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Blue Corona recently started offering video marketing services, and I joked that we should make a spoof of Akon’s music video “Smack That” and call it “Track That.” Here at BC, one of founding principles of our proven process is “Track Everything.” Sending out a mailer? Track that. Purchasing some billboard space? Track that. Trying out a promoted Facebook campaign? You know what to do.
One of the easiest and cheapest ways to track your website’s performance is through Google Analytics. Most people know this by now. In fact, a majority of the business owners who contact Blue Corona already have the software installed on their site.
The question then becomes if they are using it correctly. Over the years, we’ve identified the three worst mistakes business owners make when using Google analytics that skews their perception of how well their website is performing.
1. You Haven’t Properly Filtered Your Google Analytics Profile.
In an ideal world, when your company’s website traffic increases, the number of people who inquire about your products or services should increase. However, without properly filtering your Analytics data, your perception of how many visits your website receives could be skewed.
Have you filtered out internal traffic?
Visits to your website from your own employees (as well as yourself) needs to be filtered out of your Analytics profile to avoid skewing your Analytics data. If you have a regular IP address, click the “Admin” option in your Analytics profile and the “Filters” option under “View.”
From here, name your filter, choose “exclude”, “traffic from IP addresses”, “that are equal to”, and type in your IP address. To find out your IP address, click here.
This is the easiest way to filter out internal traffic if you have a regular IP address. If you have a dynamic IP address, you’ll need to filter using regular expressions (this is more advanced and a better topic for another blog).
Are you looking at traffic in your service area?
Most local business owners make the mistake of looking at their website traffic as a whole instead of filtering down to just the traffic in their service area. This is a mistake. Let me give you an example to illustrate why.
Say you own a local handyman service in Hollywood, Maryland and you got 700 website visits last month. Unfortunately, only two of them filled out your contact form!
We take a closer look at your Analytics profile. It turns out that most of your website visits are from Hollywood, California instead of Hollywood, Maryland—making them extremely unlikely to convert into customers.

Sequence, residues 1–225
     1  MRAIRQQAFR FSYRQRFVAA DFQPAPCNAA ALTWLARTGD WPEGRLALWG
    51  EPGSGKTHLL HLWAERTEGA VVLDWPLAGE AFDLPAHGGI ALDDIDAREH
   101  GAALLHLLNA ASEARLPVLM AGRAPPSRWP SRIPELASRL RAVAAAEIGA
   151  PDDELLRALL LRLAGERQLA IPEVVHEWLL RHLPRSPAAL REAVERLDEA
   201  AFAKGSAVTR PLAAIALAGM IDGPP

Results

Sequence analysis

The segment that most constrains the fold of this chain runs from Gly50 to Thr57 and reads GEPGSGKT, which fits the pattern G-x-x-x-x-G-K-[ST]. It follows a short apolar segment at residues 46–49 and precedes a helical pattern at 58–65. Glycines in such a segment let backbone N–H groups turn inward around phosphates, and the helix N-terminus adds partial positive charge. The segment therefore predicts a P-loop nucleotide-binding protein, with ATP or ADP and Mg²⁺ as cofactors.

It’s easy to filter your Analytics to just see traffic in your service area. This blog post will tell you how.
Are you filtering out bot traffic?
At Blue Corona, many of our clients saw a higher than usual uptick in organic traffic earlier this year. Upon further investigation, we found spammy organic traffic in the organic landing page reports. Check this out:
Bot traffic is more advanced than it used to be—more and more seems to be slipping through and clouding Analytics data. We’ve listed out some good tactics for filtering out bot traffic here.
2. You Don’t Have Goals Set Up in Google Analytics.
Setting up goals in Analytics allows you to measure how often users complete desired actions on your site, such as filling out a contact form. According to Google,
“Having properly configured Goals allows Google Analytics to provide you with critical information, such as the number of conversions and the conversion rate for your site or app. Without this information, it’s almost impossible to evaluate the effectiveness of your online business and marketing campaigns.”
Most business owners we talk to don’t have goals in Analytics set up prior to working with us, and even if they do, they are treating all goal completions equally.
For example, if you own an HVAC company, you wouldn’t value someone who signs up for your email newsletter as the same type of conversion as someone who fills out a request for a free estimate on a new heat pump.
3. You’re Looking at the Wrong Metrics in Google Analytics.
When a new client starts with Blue Corona, we’re adamant about learning the numbers in their sales funnel—which includes their website’s visit-to-lead conversion rate and lead-to-sale conversion rate among other important metrics.
However, almost none of the business owners we talk to can tell us (with any accuracy) what their website’s visit-to-lead conversion rate is! They’re much too busy fixating on metrics like bounce rate (learn why site wide bounce rate is a useless metric).
You can estimate your website’s visit-to-lead conversion rate by looking at your goal completions (if you have them set up in Analytics) divided by your website visits. If you’re a local business, a more accurate website visit-to-lead conversion rate would be your goal completions divided by website visits in your service area.
Better Data = Better Results
Today’s savvy business owners and marketing executives demand better information. They know that gut intuition plus marketing analytics data (better information) beats gut intuition alone, every single time.
Blue Corona provides tools, services and solutions that help results-driven business owners and marketing executives more accurately measure, track and quantify each and every single advertising strategy.
Get started with a free analytics analysis below.
About The Author: Blue Corona's Editorial Staff is determined to help you increase your leads and sales, optimize your marketing costs, and differentiate your brand by passing on our tribal knowledge. The team vigilantly stays on top of the latest in digital marketing, bringing you the top insights with expert commentary. Want to see something on our blog you haven't seen yet? Shoot us an email and our marketing team will get to work.
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